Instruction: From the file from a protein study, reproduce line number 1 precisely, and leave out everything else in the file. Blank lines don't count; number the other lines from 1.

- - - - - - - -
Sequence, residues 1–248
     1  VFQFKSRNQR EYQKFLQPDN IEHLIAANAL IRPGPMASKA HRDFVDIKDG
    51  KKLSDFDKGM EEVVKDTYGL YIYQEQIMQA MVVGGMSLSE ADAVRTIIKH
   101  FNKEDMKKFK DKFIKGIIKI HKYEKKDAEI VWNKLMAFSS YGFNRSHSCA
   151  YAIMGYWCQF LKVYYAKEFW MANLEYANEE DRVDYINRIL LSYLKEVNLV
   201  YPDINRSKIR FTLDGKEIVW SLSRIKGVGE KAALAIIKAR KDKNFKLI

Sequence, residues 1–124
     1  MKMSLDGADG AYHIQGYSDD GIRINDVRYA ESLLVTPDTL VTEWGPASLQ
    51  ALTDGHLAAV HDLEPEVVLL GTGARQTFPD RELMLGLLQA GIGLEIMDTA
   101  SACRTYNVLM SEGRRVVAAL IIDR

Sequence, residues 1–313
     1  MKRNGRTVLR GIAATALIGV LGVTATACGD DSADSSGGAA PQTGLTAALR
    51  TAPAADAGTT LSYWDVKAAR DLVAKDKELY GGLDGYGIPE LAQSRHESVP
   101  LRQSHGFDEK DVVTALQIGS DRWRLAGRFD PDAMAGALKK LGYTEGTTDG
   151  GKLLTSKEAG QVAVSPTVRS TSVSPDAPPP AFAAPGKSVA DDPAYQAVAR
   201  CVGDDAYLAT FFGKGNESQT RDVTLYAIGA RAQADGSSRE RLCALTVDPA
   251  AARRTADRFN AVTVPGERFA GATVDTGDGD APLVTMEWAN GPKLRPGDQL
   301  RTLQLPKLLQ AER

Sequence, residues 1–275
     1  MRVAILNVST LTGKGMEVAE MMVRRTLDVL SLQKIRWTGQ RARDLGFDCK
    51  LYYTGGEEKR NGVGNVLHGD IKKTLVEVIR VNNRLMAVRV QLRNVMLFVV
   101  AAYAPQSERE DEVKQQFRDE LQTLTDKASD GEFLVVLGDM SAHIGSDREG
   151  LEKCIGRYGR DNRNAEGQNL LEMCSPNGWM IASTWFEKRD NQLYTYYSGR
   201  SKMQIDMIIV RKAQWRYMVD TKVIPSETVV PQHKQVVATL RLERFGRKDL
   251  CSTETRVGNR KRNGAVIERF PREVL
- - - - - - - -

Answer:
Sequence, residues 1–248